“Can’t wait,” Han muttered and ran a long glance over his nakedness. Full of unabashed interest and speculation, that look sent a flush crawling up Luke’s neck. “But if you get a chance,” Han added, “maybe you can put in a word for me.”

His tone had changed completely. Low and suggestive, it chased goosebumps down Luke’s bare chest.

“Sure,” he managed. “But, you know... I’m biased.” His hands moved up to Han’s shoulders of their own accord. Touching came so easy now, as if a new channel had been unlocked between them. Warm palms traveled down his sides to settle on his hips.

A crooked smile grew on Han’s mouth. “Glad you are.”

When Han leaned in to kiss him, he was more than ready, their mouths moving together in thoughtless complicity, shifting, parting only to meet again with greater insistence. The slide of Han’s tongue against his own sent a swift pang into Luke’s groin, trapped and enhanced where Han’s fingers closed on his hip. Polar electric charges drawing together to generate a power overflow. Within seconds, Han reduced his breathing to uneven bursts, and the hunger for more trembled on the edge of every nerve.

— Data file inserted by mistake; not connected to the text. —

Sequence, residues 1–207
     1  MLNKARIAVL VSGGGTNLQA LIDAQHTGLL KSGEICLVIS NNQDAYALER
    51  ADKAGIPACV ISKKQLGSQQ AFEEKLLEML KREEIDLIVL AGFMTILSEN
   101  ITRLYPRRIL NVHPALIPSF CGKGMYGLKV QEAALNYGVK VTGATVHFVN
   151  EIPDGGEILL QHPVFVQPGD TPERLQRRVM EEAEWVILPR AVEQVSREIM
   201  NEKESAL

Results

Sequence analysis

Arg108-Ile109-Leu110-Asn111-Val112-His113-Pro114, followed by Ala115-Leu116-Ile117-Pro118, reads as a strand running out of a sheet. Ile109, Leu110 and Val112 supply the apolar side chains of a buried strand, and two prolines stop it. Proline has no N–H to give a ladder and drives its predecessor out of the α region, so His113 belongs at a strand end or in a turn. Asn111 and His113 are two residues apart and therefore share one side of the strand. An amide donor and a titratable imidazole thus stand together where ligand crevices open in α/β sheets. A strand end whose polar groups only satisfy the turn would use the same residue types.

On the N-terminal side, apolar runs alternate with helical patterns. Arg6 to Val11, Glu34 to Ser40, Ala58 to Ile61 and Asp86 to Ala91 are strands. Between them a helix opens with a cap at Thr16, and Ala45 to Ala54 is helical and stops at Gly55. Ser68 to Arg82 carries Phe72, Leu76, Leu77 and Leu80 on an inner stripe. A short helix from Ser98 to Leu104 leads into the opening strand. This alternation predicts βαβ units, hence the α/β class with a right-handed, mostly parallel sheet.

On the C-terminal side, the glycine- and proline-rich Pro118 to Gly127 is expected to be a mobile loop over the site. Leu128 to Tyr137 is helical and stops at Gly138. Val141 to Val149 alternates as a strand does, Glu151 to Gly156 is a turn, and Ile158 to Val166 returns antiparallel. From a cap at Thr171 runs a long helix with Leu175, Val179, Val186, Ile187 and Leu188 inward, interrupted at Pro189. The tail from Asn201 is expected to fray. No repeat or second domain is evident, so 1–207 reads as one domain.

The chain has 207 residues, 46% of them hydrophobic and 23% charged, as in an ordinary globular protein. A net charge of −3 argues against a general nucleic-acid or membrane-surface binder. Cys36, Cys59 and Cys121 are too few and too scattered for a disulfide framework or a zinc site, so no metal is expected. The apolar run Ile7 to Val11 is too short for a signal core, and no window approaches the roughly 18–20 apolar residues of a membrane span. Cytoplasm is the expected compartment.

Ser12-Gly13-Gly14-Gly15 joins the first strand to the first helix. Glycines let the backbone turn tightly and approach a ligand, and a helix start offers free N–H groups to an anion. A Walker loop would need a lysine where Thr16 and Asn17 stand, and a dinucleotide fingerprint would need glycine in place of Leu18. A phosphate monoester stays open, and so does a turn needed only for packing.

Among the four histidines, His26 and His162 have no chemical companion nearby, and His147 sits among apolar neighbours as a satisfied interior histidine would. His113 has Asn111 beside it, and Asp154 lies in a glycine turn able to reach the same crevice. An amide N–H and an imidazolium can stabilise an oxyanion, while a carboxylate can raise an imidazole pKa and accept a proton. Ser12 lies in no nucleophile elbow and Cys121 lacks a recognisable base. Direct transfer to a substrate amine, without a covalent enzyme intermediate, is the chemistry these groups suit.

“Come back to bed, Luke.” Han’s mouth moved from his temple to his ear, trailing a shiver of sound along his scalp. “You remember, second round? Long and messy?”

“It’s not morning yet.”

Han chuckled. “Then we’ll just... make it morning.”

Out of words, Luke tightened his arms around Han’s torso, lost in the feel of skin on skin. And it would be just like that, like dawn breaking over an uncharted horizon, sliding its flares into every part of him, a private kind of magic.

He would have rushed towards the core of it right away, if Han had let him. But when they dropped down on the mattress, arms and legs entangled, Han took hold of his shoulders and pinned him in place.

“Slow down, kid, we’ve got time.”

“You’re the one to talk,” Luke got out. “You wouldn’t even let me finish the shower—”

That was an emergency,” Han claimed, the glitter in his eyes mixing humor with potent reminiscence.